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Sunday, May 19, 2024, 4:05 am

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Why are Katchatheevu pacts under scrutiny?

Katchatheevu
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What sparked the dispute? Who actually owns the island? How was the situation resolved? What was India’s gain? Will reviewing bilateral agreements resolve the fishermen’s problem? What has been the response in India, particularly Tamil Nadu? So, what about Sri Lanka?

On March 31, Prime Minister Narendra Modi accused Congress of “callously” handing over Katchatheevu island to Sri Lanka in a social media post on ‘X’. He highlighted a media report on papers obtained in response to a Right to Information Act application from K. Annamalai, head of the Bharatiya Janata Party (BJP) Tamil Nadu. Following Mr. Modi’s claim, External Affairs Minister S. Jaishankar addressed a media briefing to elucidate. In his call for a “solution,” he argued that bilateral agreements signed by India and Sri Lanka in 1974 and 1976, when the Congress and the Dravida Munnetra Kazhagam (DMK) were in power at the Centre and in Tamil Nadu, showed disregard for Katchatheevu island and jeopardised Indian fishermen’s rights in the Palk Strait.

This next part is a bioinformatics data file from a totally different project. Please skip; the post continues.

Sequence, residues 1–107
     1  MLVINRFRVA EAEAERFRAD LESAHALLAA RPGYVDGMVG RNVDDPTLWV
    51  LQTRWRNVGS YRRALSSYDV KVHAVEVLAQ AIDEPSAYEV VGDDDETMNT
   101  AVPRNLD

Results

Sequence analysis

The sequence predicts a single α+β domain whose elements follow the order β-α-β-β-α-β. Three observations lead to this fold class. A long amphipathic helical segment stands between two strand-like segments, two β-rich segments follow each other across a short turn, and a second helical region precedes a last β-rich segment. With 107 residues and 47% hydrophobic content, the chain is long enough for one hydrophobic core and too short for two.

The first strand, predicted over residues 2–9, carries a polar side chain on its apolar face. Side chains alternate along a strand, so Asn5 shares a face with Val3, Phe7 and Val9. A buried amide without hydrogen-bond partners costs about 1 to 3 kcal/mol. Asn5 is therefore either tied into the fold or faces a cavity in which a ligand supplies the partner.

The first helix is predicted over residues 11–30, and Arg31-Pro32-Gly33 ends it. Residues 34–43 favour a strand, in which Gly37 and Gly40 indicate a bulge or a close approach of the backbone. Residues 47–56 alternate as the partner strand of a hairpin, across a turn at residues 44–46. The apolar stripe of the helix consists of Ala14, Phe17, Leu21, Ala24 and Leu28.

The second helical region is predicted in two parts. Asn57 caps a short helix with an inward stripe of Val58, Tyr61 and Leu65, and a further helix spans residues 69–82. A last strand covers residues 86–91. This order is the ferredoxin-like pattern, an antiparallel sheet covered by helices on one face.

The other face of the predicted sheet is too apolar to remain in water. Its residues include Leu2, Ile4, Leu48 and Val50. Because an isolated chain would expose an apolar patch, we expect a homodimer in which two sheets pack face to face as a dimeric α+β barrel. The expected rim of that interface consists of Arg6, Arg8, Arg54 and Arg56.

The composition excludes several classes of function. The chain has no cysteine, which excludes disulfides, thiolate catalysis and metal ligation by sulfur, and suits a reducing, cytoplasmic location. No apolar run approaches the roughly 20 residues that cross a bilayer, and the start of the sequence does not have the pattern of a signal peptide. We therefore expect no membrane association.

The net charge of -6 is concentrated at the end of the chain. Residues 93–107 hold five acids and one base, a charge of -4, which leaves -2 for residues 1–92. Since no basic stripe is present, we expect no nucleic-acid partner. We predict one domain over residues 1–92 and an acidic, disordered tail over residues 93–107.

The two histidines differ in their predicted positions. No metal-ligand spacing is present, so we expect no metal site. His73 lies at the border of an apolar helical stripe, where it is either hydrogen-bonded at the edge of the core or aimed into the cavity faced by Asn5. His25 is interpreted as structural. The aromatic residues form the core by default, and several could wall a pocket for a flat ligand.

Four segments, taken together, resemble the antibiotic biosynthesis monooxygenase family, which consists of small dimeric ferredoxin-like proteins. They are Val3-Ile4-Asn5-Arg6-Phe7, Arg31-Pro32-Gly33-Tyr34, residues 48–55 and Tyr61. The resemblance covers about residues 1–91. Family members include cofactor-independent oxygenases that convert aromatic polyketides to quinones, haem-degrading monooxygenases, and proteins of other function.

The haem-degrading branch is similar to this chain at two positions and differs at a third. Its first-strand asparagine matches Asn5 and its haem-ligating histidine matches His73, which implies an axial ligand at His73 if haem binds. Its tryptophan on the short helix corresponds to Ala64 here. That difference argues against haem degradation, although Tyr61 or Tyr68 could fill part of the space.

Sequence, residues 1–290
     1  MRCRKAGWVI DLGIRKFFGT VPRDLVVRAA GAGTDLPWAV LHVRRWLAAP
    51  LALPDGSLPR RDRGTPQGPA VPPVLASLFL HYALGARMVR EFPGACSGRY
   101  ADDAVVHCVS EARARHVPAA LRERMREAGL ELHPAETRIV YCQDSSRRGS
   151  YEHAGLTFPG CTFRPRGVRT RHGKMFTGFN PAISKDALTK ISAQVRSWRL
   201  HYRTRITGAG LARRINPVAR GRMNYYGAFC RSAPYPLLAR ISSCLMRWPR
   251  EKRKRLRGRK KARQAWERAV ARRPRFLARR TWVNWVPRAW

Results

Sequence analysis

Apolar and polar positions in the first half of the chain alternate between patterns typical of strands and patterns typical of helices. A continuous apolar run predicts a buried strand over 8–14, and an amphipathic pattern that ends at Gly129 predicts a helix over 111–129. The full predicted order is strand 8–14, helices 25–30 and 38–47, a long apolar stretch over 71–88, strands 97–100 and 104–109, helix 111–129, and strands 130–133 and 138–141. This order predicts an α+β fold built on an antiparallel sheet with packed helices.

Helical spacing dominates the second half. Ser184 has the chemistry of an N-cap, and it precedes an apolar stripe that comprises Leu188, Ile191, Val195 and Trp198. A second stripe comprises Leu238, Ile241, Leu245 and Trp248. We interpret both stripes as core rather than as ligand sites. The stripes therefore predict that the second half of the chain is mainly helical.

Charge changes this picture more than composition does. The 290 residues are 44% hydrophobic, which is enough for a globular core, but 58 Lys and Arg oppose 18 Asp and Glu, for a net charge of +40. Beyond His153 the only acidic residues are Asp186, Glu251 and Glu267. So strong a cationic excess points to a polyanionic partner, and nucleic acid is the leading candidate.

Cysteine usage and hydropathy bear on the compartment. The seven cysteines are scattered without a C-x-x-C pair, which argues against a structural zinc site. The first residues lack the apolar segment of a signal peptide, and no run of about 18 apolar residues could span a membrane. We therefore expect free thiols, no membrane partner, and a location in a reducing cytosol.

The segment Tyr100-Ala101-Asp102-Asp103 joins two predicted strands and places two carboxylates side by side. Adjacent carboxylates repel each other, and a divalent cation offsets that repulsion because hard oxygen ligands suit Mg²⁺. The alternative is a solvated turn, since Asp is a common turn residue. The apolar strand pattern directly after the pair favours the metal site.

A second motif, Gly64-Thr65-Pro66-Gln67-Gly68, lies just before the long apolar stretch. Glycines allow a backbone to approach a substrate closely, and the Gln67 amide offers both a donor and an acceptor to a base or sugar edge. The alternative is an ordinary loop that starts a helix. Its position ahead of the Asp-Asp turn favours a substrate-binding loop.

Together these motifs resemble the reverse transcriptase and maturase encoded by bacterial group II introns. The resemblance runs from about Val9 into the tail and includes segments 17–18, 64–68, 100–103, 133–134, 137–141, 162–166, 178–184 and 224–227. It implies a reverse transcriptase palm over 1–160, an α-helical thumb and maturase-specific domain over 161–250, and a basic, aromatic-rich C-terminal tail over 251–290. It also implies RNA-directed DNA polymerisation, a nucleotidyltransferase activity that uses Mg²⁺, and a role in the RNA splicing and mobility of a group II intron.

Where is Katchatheevu located?

Katchatheevu is a 285-acre deserted island located in the Palk Strait, between Tamil Nadu and northern Sri Lanka. It is located 14.5 miles south of Delft Island and approximately 16 km northeast of Rameswaram. The area lacks water and infrastructure, with just a Catholic edifice dedicated to St. Anthony.

What exactly was the issue?